From the Garden: Two Classic Garden Pests -Slugs and Aphids

By Erin Breglia

Slugs! Aphids! The names alone bring a creepy-crawly feel­ing to mind, espe­cial­ly if these pests have been sab­o­tag­ing your gar­den! But rest assured, if we uti­lize appro­pri­ate ways to dis­cour­age them and under­stand the ben­e­fits they pro­vide in our envi­ron­ment, we can find ways to live togeth­er with­out bug­ging each other!

The slug is a soft-bod­ied mol­lusk rather than an insect. Its clump-like body moves along on its foot, and it secretes an ooz­ing trail when it moves. Unlike the sea mol­lusk, the slug does not require a shell for pro­tec­tion. Slugs must always stay moist to sur­vive so they love wet, dark areas. They can be found under­neath sur­faces, hid­ing in large wood chip mulch or at the base of plants. They are active at night so it can be dif­fi­cult to know if they are dam­ag­ing the gar­den. A quick trap of lay­ing card­board on bare ground around the base of plants and turn­ing it over each morn­ing to see if they have accu­mu­lat­ed can help. Scrap­ing the slugs off and remov­ing them from your gar­den can offer con­trol. The trap can be reset until the prob­lem sub­sides. Oth­er options include the appli­ca­tion of diatoma­ceous earth or crushed oys­ter shells around the base of plants. Both dam­age the soft body of the slug and will also deter them from enter­ing the area.

Aphids are anoth­er nui­sance that can wreak hav­oc in the gar­den. These true bugs have straw-like mouth­parts that they use to pierce and suck the flu­ids from plant leaves and flow­ers. Most abun­dant in spring, they can rapid­ly repro­duce and col­o­nize a plant, with the adult life cycle aver­ag­ing one month. They favor all sorts of plants and dam­age them very quick­ly, but as sum­mer tem­per­a­tures rise, their pop­u­la­tion decreas­es. The best way to con­trol them is to use a nat­ur­al insec­ti­ci­dal soap spray called Safer Soap. This solu­tion will con­trol aphids by pen­e­trat­ing their out­er lay­er and dry­ing them out with­out dam­ag­ing the plant or ben­e­fi­cial insects which feast on them as well.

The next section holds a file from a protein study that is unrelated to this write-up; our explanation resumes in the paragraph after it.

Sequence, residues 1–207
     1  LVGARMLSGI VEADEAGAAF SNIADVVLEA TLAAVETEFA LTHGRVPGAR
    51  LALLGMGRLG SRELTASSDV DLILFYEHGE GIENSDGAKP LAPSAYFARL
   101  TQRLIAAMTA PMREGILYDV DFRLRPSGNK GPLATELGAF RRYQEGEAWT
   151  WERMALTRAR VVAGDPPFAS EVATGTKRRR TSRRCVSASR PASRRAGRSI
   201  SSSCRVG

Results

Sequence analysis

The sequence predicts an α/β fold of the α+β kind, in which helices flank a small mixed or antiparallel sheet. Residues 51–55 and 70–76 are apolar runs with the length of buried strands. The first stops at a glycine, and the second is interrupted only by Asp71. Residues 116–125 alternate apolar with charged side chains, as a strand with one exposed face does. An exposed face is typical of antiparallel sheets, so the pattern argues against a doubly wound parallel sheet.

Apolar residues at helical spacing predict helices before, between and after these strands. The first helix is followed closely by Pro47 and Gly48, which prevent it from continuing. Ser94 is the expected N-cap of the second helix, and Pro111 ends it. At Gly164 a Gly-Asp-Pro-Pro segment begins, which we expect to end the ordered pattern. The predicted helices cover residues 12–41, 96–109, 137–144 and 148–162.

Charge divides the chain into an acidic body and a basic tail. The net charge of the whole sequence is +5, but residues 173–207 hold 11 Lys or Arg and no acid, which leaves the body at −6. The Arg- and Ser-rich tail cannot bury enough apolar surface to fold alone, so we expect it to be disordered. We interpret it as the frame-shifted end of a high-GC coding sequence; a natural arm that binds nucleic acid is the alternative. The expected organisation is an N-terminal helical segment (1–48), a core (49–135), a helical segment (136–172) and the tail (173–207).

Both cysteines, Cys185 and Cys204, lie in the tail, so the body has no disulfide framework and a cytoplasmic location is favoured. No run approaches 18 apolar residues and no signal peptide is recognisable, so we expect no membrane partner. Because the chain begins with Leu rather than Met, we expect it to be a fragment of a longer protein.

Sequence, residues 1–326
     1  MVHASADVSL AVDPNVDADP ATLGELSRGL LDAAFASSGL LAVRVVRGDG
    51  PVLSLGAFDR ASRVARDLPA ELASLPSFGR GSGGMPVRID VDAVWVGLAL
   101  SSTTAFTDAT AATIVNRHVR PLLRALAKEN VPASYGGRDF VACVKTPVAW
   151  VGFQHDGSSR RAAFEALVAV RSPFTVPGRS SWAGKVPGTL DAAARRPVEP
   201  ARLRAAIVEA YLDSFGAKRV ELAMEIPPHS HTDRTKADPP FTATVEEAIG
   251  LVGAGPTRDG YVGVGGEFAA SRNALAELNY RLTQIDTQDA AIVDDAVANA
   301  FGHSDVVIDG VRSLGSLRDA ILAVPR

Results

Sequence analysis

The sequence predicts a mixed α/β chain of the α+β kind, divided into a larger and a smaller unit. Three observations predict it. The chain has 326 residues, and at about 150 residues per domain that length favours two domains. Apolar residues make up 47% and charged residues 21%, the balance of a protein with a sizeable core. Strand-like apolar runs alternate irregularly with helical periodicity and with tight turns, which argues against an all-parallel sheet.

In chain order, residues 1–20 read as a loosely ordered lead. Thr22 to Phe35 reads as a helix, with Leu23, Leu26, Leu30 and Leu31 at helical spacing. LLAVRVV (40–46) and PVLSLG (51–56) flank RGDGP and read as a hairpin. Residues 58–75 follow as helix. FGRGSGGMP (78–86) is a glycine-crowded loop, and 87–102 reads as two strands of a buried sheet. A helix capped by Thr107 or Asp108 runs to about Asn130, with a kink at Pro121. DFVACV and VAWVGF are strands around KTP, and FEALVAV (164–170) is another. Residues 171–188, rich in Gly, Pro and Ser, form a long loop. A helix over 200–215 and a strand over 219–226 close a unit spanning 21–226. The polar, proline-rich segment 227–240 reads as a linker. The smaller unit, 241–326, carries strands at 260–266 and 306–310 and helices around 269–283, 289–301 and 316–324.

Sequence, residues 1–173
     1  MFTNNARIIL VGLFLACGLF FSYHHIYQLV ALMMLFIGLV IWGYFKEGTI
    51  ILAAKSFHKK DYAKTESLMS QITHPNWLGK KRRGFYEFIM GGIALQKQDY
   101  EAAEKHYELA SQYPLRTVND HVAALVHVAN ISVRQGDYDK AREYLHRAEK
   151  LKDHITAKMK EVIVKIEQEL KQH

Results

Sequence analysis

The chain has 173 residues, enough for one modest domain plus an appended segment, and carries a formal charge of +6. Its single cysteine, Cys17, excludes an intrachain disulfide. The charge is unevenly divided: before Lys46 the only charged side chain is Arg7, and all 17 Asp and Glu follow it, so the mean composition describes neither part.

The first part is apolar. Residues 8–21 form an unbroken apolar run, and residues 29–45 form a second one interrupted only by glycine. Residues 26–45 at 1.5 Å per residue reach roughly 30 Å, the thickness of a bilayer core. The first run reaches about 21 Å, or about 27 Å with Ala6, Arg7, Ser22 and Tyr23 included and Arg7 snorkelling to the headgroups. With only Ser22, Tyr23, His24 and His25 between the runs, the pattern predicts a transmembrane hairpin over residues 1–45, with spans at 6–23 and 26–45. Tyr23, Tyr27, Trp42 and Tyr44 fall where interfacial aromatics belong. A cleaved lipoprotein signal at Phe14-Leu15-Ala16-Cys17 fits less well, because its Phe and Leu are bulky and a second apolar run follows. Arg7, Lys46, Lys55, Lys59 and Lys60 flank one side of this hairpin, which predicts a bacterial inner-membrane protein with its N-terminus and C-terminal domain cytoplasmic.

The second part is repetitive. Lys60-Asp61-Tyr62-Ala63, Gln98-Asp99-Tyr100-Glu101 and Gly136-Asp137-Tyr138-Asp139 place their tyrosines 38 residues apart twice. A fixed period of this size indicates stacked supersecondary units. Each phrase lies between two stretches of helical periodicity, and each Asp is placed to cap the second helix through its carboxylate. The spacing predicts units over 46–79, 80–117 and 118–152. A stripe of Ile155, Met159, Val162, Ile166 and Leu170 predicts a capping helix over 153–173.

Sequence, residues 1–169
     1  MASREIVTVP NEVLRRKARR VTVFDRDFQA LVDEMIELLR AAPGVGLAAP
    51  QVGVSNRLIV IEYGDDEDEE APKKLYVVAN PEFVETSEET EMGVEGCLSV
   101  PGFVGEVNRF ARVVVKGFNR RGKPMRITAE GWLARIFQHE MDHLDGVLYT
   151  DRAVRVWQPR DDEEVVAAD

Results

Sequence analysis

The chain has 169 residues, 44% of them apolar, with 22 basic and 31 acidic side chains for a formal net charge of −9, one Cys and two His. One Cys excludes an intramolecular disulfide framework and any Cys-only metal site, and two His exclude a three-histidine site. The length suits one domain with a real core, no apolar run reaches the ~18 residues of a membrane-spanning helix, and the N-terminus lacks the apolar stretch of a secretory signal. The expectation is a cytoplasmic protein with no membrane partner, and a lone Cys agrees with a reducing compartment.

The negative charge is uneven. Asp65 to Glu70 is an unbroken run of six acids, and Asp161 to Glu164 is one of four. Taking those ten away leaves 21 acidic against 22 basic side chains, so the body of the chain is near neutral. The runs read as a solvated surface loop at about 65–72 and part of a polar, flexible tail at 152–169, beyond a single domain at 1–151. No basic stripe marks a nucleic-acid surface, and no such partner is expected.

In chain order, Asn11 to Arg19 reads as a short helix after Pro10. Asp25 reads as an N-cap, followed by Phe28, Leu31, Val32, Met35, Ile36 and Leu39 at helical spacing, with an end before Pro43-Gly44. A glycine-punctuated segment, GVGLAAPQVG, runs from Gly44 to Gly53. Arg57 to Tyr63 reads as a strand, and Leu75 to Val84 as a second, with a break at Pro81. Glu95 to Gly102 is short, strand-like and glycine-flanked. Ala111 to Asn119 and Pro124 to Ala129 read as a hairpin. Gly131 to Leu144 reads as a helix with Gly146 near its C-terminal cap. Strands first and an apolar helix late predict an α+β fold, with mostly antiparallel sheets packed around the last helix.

Though slugs and aphids may look off-putting, they do offer ben­e­fits to the gar­den that should not be over­looked. Slugs are a food source for toads and birds and also cre­ate aer­a­tion in soils when tun­nel­ing. Aphids are an excel­lent food source for ben­e­fi­cial insects in the gar­den such as lady­bird bee­tles and lacewings. They also have an inter­est­ing rela­tion­ship with ants, which will pro­tect them from preda­tors in exchange for the sweet excre­tion they pro­duce called honeydew.

These rhythms of nature are in place to con­trol pop­u­la­tions and until out of bal­ance, things should be man­age­able. If envi­ron­men­tal fac­tors such as an abnor­mal abun­dance of rain occur, both of these pop­u­la­tions are like­ly to increase, but with some nat­ur­al prod­ucts and preda­tors and a lit­tle extra atten­tion a gar­den­er can rebal­ance the wheel with min­i­mal dam­age to the environment.

Summer 2018

Volume 36 , Number 3

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